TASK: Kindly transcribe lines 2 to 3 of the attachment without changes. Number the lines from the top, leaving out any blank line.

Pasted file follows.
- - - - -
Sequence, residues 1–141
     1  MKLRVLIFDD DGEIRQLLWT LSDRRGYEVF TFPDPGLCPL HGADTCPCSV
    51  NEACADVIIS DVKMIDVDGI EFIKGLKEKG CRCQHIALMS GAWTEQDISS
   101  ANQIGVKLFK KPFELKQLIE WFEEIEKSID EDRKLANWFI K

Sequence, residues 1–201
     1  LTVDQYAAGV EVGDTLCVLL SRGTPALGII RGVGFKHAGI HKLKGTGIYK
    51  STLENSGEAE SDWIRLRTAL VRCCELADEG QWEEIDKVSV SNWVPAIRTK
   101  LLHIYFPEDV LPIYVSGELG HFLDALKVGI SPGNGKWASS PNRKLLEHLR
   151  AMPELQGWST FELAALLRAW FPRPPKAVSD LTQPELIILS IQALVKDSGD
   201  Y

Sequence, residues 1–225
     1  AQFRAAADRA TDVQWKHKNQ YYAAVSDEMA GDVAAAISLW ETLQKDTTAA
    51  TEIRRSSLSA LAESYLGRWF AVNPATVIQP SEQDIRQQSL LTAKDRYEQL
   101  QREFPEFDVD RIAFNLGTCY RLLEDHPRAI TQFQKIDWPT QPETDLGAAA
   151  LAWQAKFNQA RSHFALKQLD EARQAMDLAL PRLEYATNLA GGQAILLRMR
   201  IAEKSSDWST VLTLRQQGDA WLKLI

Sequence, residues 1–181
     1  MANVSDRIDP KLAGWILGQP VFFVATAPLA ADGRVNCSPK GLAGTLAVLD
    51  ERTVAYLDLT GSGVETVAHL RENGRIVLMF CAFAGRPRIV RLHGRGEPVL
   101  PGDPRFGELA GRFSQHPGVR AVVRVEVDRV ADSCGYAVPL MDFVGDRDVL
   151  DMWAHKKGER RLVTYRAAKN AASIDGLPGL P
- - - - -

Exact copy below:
     1  MKLRVLIFDD DGEIRQLLWT LSDRRGYEVF TFPDPGLCPL HGADTCPCSV
    51  NEACADVIIS DVKMIDVDGI EFIKGLKEKG CRCQHIALMS GAWTEQDISS